In agreement with local police, campaigners took up position from 1pm outside the main entrance to the County Ground in Bristol. While some spread out along the approach, Nevil Road, to hand out leaflets, others chanted slogans through megaphones until the match finished at 5pm.
“Although it was a short match, we handed out three thousand leaflets today with the assistance of people who came to support us,” said TYO spokesperson Thusiyan Nandakumar.
“Our primary goal, as at previous matches of the England tour, was to further raise awareness of Sri Lanka’s war crimes,” he said, referring to TYO-UK’s campaigns at the warm-up match at Uxbridge and the three test matches at Cardiff, Lords and Rose Bowl.
Sri Lanka’s inclusion of Sanath Jayasuriya in the team for the T20 and other one-day matches in England has helped to focus English fans’ attention on the link between sport and politics in Sri Lanka and on Colombo’s war crimes, Nandakumar said.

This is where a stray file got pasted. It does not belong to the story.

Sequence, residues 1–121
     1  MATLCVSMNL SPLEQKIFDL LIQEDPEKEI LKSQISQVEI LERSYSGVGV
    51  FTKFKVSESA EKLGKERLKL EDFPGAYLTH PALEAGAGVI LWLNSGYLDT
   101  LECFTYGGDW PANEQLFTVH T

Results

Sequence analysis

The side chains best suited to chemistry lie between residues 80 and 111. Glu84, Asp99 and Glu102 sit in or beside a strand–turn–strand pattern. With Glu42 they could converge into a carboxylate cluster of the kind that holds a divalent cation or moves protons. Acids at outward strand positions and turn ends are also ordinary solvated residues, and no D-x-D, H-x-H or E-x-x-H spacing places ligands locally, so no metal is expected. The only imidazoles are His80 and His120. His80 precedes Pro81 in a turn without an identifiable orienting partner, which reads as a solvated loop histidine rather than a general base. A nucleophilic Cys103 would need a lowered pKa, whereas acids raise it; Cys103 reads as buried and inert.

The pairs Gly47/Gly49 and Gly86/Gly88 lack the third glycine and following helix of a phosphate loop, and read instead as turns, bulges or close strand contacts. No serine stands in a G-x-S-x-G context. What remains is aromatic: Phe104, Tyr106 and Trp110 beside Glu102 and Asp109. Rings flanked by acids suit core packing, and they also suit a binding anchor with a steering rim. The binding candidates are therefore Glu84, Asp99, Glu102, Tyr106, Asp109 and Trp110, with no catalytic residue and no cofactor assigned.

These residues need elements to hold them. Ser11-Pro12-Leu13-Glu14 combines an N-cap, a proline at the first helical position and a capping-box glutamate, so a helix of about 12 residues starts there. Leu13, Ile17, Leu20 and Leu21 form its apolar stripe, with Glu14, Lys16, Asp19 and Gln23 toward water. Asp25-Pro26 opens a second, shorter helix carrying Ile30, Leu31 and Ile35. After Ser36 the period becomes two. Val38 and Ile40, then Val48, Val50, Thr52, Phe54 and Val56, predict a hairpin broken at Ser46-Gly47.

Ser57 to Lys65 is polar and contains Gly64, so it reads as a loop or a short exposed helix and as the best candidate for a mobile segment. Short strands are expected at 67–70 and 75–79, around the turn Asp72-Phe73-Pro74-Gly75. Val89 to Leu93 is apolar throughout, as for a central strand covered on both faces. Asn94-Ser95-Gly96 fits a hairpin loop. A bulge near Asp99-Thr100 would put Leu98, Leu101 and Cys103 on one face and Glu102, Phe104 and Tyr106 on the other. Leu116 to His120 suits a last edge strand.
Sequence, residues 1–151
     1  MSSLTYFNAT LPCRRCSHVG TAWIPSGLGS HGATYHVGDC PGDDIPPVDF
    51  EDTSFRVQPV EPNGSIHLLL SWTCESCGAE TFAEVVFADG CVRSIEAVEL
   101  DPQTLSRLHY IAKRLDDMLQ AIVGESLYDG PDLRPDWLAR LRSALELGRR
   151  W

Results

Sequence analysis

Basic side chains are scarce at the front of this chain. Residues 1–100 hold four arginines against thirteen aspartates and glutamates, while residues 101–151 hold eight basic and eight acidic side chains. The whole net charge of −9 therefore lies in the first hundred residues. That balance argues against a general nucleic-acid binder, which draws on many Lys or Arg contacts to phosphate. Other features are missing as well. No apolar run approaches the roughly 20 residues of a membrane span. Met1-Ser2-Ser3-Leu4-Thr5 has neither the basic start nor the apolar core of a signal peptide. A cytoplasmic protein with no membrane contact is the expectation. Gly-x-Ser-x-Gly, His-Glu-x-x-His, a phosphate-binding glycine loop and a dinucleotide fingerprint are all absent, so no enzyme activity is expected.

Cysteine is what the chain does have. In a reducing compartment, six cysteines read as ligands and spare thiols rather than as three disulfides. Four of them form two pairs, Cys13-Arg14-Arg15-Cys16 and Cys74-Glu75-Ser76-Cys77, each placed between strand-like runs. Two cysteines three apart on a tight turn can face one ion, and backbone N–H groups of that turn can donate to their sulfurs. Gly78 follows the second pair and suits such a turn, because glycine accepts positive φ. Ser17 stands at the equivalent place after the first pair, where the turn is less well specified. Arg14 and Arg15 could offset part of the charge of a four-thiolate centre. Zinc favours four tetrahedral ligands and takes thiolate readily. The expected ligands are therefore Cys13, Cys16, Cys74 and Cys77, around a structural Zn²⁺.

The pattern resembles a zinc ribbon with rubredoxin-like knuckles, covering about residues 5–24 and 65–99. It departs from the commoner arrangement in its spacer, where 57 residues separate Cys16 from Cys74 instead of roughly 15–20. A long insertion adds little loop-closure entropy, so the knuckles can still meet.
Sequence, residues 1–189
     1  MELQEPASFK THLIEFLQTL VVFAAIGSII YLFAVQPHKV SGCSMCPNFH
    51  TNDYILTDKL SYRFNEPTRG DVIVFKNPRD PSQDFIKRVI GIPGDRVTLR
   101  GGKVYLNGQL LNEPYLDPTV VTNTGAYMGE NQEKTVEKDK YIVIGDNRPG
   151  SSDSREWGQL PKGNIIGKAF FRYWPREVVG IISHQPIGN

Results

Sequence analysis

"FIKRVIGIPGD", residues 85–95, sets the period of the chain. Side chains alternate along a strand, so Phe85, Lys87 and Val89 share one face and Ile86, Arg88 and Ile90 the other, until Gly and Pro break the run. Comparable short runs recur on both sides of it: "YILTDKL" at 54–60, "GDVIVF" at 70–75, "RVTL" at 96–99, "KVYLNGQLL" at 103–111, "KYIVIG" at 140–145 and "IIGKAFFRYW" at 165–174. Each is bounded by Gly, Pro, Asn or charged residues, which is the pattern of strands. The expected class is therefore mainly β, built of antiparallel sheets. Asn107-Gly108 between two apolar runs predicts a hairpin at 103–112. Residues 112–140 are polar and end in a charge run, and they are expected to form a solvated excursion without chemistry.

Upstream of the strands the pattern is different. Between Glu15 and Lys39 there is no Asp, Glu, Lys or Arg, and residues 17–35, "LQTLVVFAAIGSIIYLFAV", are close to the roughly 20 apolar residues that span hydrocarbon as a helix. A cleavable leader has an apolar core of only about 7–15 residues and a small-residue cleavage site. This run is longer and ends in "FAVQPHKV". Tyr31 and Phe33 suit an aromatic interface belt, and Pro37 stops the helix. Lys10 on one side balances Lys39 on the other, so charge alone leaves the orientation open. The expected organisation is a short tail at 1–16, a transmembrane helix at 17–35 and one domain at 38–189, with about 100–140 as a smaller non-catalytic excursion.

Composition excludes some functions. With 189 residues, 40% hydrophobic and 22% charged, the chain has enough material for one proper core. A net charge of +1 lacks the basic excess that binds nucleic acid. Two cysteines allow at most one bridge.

Jayasuriya, 41, who ceased playing international cricket when he was elected to parliament in his home town Matara on the Sri Lanka Freedom Party (SLFP) ticket, has been controversially included in the team reportedly at the behest of President Mahinda Rajapaksa.
The decision has drawn critical commentary in British press reports which highlighted the accusations of war crimes in 2009 by the Colombo government, and quoted Jayasuriya’s defence of the bloody military campaign.
The Telegraph’s Nick Hoult wrote Friday: “Jayasuriya is now an MP for the ruling party in Sri Lanka and has used his political contacts to be granted two final matches for his country.”
“It is a scandal he’s here and there should be no lasting ovations from the crowd,” Hoult wrote.
Former England captain Mike Atherton, a leading cricket commentator, wrote in The Times newspaper Thursday: Jayasuriya’s call-up is “cynical, political and nothing to do with cricket.”
“It is a selfish and an overtly political act. Jayasuriya is no longer a cricketer but a politician; since February 2010 he has been an elected MP […] for the ruling party in Sri Lanka that has the final say on the selection of the national team and is accused of running the country in an increasingly anti-democratic manner and ending the civil war in a barbaric way.”
“Contempt would be a good reaction from the crowd … when Jayasuriya walks out to bat,” he urged.
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